YouTube blocks videos deemed 'anti-Islamic' in Turkey

YouTube blocks videos deemed 'anti-Islamic' in Turkey
The video-sharing website has complied with a Turkish court order to block a dozen clips.
2 min read
22 June, 2015
YouTube has come under fire from the Turkish authorities in the past [AFP]

While once YouTube and other new media platforms were willing to take on the Turkish government - and get banned in the process - it appears that the popular video-sharing website's resistance may have been worn down, after it quickly agreed to block 12 videos in Turkey at the request of a Turkish court.

A magistrates' court in Ankara ruled that the videos, which feature images of the Muslim Prophet Muhammed deemed to be offensive, should be banned and submitted a request to YouTube for them to be blocked in the country, a request which the Google-owned site agreed to.

YouTube could have found all its content blocked in Turkey had it not restricted access to the videos.

The videos are believed to have been made by the far-right Dutch PVV party, led by Geert Wilders - famed for his Islamophobic commentary - and are part of a party political broadcast.

Wilders later a message said to have been received from YouTube which said that the website had "received a legal complaint from the government about your video".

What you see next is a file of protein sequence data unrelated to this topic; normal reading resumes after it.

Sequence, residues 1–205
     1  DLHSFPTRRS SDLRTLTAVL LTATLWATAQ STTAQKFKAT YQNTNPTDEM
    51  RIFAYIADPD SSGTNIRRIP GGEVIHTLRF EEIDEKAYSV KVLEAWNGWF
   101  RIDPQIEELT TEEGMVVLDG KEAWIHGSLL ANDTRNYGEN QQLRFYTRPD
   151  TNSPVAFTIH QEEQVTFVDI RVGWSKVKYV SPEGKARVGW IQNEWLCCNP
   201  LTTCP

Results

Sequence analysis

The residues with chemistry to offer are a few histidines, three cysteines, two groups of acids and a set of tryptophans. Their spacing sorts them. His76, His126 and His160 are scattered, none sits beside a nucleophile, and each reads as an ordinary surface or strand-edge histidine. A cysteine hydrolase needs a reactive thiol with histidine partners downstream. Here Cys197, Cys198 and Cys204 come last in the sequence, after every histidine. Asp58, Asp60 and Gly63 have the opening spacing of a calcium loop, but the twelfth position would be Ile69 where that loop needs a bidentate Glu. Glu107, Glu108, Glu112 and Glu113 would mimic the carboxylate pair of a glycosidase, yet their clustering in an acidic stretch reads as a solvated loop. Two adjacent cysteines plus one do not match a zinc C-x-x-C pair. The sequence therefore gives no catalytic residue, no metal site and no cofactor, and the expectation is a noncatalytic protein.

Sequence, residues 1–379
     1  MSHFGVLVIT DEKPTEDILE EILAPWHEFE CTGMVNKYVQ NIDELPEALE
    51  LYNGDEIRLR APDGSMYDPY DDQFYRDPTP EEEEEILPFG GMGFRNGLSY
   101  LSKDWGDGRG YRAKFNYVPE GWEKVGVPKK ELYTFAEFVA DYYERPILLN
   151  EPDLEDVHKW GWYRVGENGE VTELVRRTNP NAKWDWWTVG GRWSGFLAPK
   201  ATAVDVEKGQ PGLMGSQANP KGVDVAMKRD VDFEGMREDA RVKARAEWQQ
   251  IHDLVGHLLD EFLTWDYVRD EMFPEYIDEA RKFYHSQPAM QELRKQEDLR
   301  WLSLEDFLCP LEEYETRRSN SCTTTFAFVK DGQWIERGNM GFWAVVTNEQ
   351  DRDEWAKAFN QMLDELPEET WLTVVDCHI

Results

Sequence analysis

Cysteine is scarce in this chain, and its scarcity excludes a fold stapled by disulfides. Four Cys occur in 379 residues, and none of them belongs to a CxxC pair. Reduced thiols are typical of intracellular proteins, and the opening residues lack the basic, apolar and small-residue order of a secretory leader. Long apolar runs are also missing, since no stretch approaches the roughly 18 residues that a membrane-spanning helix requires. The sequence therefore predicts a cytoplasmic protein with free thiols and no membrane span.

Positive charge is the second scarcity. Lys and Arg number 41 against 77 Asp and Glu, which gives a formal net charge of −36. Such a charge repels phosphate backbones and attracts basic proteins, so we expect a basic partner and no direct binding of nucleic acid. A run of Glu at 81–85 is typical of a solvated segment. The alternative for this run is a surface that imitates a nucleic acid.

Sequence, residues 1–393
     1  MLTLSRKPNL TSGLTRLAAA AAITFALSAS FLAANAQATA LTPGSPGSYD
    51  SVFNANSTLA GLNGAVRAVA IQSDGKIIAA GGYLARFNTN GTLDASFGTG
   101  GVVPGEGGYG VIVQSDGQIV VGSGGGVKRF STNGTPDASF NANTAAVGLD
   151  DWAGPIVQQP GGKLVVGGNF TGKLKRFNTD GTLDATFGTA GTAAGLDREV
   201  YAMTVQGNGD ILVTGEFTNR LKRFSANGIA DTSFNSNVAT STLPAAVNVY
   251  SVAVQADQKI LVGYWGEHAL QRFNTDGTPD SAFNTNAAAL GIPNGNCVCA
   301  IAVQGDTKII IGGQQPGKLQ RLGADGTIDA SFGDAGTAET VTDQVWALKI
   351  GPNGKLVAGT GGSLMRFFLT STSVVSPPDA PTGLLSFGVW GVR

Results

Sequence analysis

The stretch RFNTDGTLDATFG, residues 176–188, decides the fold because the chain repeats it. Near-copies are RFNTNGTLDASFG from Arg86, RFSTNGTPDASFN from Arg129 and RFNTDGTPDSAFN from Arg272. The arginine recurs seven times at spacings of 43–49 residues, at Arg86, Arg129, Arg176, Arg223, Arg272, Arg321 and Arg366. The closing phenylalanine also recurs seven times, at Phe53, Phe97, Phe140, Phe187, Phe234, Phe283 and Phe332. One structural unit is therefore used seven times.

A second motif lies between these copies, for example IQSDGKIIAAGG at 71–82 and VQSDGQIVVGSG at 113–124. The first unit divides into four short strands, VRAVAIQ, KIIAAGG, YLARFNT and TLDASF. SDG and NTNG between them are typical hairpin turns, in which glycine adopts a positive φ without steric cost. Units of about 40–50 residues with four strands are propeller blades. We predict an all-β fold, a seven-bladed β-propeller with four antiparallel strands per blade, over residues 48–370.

The international community can say this, can say that. I don't care at all. Everyone will see how powerful the Republic of Turkey is.
- President Erdogan

"We have checked the video... which can no longer be broadcast in the following territories: Turkey," the message continued.

The censorship is the latest in a series of cases to restrict internet content in Turkey.

In April, Facebook, Twitter and YouTube were all briefly blocked after they refused to take down photos of a prosecutor who had been taken hostage by leftist militants in Istanbul and later died of his injuries.

Eight hours after the order, the websites complied and the ban was revoked.

YouTube was also banned for two months in 2014, before Turkey's highest court ruled that the ban violated laws on freedom of expression.

Turkish President Recep Tayyip Erdogan has had several run-ins with social media sites, saying in March 2014 that Twitter would be "eradicated", should it not comply with Turkish court orders - and that such platforms would be "wiped out".

"The international community can say this, can say that," Erdogan said at a rally at the time. "I don't care at all. Everyone will see how powerful the Republic of Turkey is."